My apple orchard has only recently begun to bear fruit, but I have learned many things by the “school of hard knocks” which I wish I had known before. Perhaps these remarks may save some time and trouble for others thinking of setting out apple trees in a cold and demanding climate. Northwestern Maine, where I live, appears on the climate map as Zone 3, and area frost pockets even get down to -45 degrees F.
Notwithstanding the high esteem in which the nuts of several species of Hickory have been held since the settlement of America, but little progress has been made in their domestication and improvement. Out of the 9 or 10 species recognized by botanists, not more than 3 or 4 have been found sufficiently promising from an economic standpoint to justify conspicuous effort at amelioration. Of these the Pecan stands easily first, followed in order of apparent value by the Shagbark, the Shellbark and the Pignut.
I, like many before me, had just entered that gray foggy area where those more timid, or could it be more experienced, fear to tread. I had a thoroughly terrified horse who had no interest in harness or cart, and many knowledgeable horse people told me I had ruined her forever. To find my way out I would have to reach deep inside both myself and my mare, and in the process discover that no matter what people said, it could be done.
The tilting lever, binder shifter lever, and butt adjuster lever, are all within easy reach of the operator. The perfection of binding depends on the care and skill with which they are used. The range of tilt may be varied by means of the tilting link which has three holes for adjustment. Shift the binder forward or back so that it will bind in the center of the bundle. In corn of average length the butt adjuster may be set about half way back and left there.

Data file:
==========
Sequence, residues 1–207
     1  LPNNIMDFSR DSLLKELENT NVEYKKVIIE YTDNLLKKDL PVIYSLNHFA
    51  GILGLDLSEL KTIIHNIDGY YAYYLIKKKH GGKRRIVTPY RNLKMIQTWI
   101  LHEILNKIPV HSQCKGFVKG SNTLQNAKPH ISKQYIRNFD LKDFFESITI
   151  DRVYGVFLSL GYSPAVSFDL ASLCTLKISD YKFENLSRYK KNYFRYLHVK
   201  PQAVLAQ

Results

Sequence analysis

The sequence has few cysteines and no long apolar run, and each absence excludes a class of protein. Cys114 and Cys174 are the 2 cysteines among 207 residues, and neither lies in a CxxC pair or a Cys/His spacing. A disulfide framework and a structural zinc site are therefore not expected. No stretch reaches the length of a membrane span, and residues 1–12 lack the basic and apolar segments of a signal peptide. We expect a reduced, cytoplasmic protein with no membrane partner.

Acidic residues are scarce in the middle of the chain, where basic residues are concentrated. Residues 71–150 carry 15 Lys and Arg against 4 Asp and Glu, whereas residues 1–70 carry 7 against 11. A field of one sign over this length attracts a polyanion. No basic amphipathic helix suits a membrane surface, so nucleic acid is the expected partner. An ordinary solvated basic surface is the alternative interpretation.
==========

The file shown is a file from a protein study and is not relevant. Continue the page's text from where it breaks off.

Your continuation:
For the mass of us, the connection between food and farming is dry, distant, awkward, academic. We do not associate the squeaking sticky wet-sand dig with the flavor, smell and texture of clams because we buy them off the shelf. We do not associate the crystalline departing cold and invasive spring warmth and apiarian ballet amongst bouquets of apple blossoms with the resultant fruit in the supermarket bins. Most of us cannot, no CAN NOT, no WILL NOT, be bothered by the terrible tactile truths of where and how our meats come to us. And many of us haven’t a clue. We are separated, artificially, by contrived modern circumstance, from all that would define us.
The problem horseloggers face is reducing skidding friction yet maintaining enough friction for holdback on steep skids. The cart had to be as simple and maneuverable as the basic two wheel log arch which dangles logs on chokers. We wanted it to be light, low, with no tongue weight, no lift motor to maintain, no arch to jam up and throw the teamster in a turn, and a low center of draft.
When first you become familiar with North American working harness you might come to the erroneous conclusion that, except for minor style variations, all harnesses are much the same. While quality and material issues are accounting for substantive differences in the modern harness, there were also interesting and important variations back in the early twentieth century which many of us today either have forgotten or never knew about. Perhaps the most significant example is the Walsh No Buckle Harness.